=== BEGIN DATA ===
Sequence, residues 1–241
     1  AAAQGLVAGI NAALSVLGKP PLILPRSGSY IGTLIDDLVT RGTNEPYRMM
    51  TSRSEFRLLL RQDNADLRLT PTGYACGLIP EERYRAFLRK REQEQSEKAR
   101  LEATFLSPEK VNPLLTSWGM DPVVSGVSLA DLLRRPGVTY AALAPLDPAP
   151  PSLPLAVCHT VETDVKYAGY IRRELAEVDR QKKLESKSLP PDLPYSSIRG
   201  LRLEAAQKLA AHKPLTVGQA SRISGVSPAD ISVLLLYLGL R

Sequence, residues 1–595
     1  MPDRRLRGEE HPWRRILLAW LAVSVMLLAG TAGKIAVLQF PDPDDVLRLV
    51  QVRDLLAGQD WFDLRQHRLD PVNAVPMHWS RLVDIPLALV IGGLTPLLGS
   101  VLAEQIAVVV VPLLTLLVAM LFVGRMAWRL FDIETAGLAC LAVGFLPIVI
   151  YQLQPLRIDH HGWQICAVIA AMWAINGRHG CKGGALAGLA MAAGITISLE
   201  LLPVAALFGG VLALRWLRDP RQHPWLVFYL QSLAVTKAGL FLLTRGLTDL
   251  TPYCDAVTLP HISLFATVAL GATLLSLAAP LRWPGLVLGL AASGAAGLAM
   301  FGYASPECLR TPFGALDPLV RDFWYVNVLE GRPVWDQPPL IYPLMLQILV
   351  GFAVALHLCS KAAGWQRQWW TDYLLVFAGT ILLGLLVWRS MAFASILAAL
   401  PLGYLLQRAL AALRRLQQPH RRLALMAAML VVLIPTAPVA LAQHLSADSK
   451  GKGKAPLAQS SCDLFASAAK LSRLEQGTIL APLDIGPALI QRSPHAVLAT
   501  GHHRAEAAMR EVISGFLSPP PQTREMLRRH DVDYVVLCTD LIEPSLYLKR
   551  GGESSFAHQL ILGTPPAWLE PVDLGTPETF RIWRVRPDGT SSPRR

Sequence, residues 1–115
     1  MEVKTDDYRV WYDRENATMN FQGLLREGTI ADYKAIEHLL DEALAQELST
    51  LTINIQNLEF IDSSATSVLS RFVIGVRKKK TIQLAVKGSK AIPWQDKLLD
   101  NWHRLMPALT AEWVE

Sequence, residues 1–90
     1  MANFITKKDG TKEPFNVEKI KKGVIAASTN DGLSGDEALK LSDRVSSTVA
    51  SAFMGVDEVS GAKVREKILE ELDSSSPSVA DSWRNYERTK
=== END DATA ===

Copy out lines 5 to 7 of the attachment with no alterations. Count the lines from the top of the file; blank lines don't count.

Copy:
   151  PSLPLAVCHT VETDVKYAGY IRRELAEVDR QKKLESKSLP PDLPYSSIRG
   201  LRLEAAQKLA AHKPLTVGQA SRISGVSPAD ISVLLLYLGL R

Sequence, residues 1–595